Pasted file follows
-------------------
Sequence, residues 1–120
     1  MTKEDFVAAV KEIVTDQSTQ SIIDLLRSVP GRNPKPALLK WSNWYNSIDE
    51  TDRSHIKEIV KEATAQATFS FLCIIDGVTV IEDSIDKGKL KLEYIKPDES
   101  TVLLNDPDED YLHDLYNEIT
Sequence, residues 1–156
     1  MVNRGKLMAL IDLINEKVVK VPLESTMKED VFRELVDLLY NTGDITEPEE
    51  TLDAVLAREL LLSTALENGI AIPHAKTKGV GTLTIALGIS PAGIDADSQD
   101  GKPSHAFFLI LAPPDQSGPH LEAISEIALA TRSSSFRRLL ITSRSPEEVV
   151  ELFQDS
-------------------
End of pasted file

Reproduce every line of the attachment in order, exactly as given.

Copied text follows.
Sequence, residues 1–120
     1  MTKEDFVAAV KEIVTDQSTQ SIIDLLRSVP GRNPKPALLK WSNWYNSIDE
    51  TDRSHIKEIV KEATAQATFS FLCIIDGVTV IEDSIDKGKL KLEYIKPDES
   101  TVLLNDPDED YLHDLYNEIT
Sequence, residues 1–156
     1  MVNRGKLMAL IDLINEKVVK VPLESTMKED VFRELVDLLY NTGDITEPEE
    51  TLDAVLAREL LLSTALENGI AIPHAKTKGV GTLTIALGIS PAGIDADSQD
   101  GKPSHAFFLI LAPPDQSGPH LEAISEIALA TRSSSFRRLL ITSRSPEEVV
   151  ELFQDS